Visit Estonia reports a new record in museum visitors in 2017. For the first time, over 3.5 million museum visits were recorded, 50,000 more than in 2017.
Museums continue to be very popular amongst tourists visiting Estonia and 35% of the recorded visits were by overseas visitors.
Throughout 2017, there were 2,659 museum visits per 1,000 inhabitants in Estonia. According to the European Group of Museum Statistics (EGMUS), this is one of the highest figures in Europe.
The highest number of visits was recorded in the Harju county (1.7 million), where Tallinn is located, followed by Tartu and its county, with 900,000 visits, and then by Lääne-Viru county with 230,000 visits. There are 242 museums in Estonia, ranging from traditional village culture and Soviet history to international art.
Annely Vürmer, director at the Estonian Tourist Board, says: “Estonia has a huge amount to offer tourists, from world-class museums and incredible nature to great food and warm, welcoming people. It is fantastic news for the tourism sector that our museums received a boost in visitor numbers in 2017 and Visit Estonia will continue to support the industry and promote Estonia to the world as a great place to visit.”
Below a round-up of top museums in Estonia:
Kumu Art Museum, Tallinn
By far the country’s largest and most cutting-edge art museum, the Kumu Art Museum opened in 2006, providing Tallinn with an impressive world-class venue for the arts. A must-see for culture vultures, Kumu serves both as Estonia’s national gallery and as a centre for contemporary art. Kumu displays Estonian-created artworks from the 18th through to the 21st century. The complex itself is a work of art and is considered a modern architectural masterpiece. Curves and sharp edges mark out the copper and limestone structure, which is built into the side of a limestone cliff. In 2008 Kumu received the ‘European Museum of the Year Award’.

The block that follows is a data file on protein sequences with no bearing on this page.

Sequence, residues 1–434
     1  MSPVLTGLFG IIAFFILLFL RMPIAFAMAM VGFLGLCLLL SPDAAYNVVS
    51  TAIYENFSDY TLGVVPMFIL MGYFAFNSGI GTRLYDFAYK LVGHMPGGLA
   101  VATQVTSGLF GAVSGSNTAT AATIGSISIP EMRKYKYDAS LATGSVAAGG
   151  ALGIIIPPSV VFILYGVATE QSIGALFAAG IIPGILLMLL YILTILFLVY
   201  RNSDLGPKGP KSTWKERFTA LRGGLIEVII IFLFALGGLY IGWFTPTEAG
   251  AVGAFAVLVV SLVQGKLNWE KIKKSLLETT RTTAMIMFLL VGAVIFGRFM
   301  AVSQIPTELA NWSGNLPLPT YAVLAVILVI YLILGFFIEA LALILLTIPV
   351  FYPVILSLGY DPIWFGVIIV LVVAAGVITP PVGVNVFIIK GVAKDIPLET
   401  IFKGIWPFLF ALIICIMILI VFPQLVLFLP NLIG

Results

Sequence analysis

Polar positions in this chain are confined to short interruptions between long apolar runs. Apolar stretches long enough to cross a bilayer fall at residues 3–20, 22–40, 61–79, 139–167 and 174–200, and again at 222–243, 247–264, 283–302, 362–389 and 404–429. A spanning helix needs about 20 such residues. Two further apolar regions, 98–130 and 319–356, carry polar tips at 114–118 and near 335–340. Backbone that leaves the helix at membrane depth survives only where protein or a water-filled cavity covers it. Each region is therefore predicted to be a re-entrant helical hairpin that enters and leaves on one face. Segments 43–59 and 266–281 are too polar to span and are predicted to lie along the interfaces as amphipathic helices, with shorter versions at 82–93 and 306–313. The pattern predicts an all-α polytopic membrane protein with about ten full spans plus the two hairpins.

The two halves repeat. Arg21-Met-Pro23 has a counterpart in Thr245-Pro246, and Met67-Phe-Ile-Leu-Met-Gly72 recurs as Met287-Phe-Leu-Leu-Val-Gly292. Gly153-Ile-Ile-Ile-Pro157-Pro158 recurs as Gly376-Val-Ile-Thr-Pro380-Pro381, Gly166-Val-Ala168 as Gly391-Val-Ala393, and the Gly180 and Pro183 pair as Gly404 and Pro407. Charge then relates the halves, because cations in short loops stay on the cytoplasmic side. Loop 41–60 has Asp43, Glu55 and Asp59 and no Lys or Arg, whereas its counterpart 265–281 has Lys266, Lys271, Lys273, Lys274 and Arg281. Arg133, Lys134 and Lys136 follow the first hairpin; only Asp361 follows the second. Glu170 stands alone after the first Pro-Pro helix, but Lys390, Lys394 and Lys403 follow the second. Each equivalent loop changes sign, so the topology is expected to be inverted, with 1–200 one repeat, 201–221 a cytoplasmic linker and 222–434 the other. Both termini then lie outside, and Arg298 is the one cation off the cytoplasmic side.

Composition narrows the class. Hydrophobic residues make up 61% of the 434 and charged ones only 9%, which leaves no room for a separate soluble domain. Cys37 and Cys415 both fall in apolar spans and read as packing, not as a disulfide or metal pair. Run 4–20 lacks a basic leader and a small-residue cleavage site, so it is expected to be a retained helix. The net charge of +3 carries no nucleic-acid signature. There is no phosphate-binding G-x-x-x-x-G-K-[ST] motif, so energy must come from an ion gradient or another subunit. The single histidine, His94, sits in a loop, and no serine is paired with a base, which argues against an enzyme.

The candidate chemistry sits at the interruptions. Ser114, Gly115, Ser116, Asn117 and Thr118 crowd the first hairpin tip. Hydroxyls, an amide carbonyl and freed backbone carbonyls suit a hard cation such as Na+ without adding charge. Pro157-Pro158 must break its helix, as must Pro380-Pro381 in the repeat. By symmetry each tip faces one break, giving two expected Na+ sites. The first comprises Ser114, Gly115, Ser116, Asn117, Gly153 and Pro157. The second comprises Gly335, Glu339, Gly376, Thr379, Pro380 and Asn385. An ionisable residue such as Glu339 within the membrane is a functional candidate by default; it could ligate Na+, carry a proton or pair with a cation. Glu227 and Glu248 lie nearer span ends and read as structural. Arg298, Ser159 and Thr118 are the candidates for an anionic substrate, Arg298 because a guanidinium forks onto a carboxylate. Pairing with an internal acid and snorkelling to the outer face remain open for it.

Estonian National Museum, Tartu
Situated in a former Soviet airfield and founded in 1909 in the outskirts of Tartu, the second biggest city in Estonia, the museum is devoted to Estonian ethnography and folk heritage. Through the exhibitions and interactive displays, visitors can learn about Estonians’ everyday lives throughout the centuries. The building projects the straight lines of the runway back towards the city. Its glass sides, imprinted with a white pattern, are designed to reflect surrounding trees and snow.
Lennusadam Seaplane Harbour – Estonian Maritime Museum, Tallinn
The museum narrates the maritime history of Estonia in a modern visual language. Located in an old airplane harbour, Lennusadam offers visitors the opportunity to see some spectacular ships and submarines, as well as a pool where people can sail miniature ships. The underwater archaeology experience room introduces visitors to the fascinating world of the abyss through large interactive projected screens and U-Cat, Estonia’s very own underwater robot – a must-visit for every tech enthusiast.
KGB Cells Museum, Tartu
The KGB Cells Museum is one of the most remarkable and interesting museums in Estonia, entirely dedicated to the crimes of the Communist regime and to the Estonian resistance movement. Opened in 2001 in Tartu, the museum is housed in the basement of a former KGB building where, during 1940-1954, civilians were detained. It narrates the stories of thousands of innocent people that passed through its cells on their way to jail or prison camps in Siberia.
Tallinn City Museum, Tallinn
Tallinn City Museum showcases the city’s history from the 13th century until the present, housed in a medieval 14th century merchant house, this comprehensive museum provides an excellent introduction to Tallinn’s history. Through different pictures, sounds and items, guests get an idea of how people lived in Tallinn at different periods of time. Video and slide programs introduce revolutionary events in the 20th century, tales of turbulent wars, Soviet occupation, and finally Estonia’s re-independence.